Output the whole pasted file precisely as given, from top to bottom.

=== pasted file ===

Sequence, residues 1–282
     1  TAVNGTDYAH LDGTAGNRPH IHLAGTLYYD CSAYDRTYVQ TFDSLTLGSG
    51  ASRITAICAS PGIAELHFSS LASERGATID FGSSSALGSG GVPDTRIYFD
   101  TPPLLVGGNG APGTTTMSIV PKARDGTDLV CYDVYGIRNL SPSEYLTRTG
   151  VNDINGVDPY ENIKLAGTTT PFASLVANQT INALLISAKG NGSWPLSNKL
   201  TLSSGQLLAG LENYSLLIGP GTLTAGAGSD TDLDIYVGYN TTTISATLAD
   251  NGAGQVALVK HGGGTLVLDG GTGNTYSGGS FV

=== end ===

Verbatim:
Sequence, residues 1–282
     1  TAVNGTDYAH LDGTAGNRPH IHLAGTLYYD CSAYDRTYVQ TFDSLTLGSG
    51  ASRITAICAS PGIAELHFSS LASERGATID FGSSSALGSG GVPDTRIYFD
   101  TPPLLVGGNG APGTTTMSIV PKARDGTDLV CYDVYGIRNL SPSEYLTRTG
   151  VNDINGVDPY ENIKLAGTTT PFASLVANQT INALLISAKG NGSWPLSNKL
   201  TLSSGQLLAG LENYSLLIGP GTLTAGAGSD TDLDIYVGYN TTTISATLAD
   251  NGAGQVALVK HGGGTLVLDG GTGNTYSGGS FV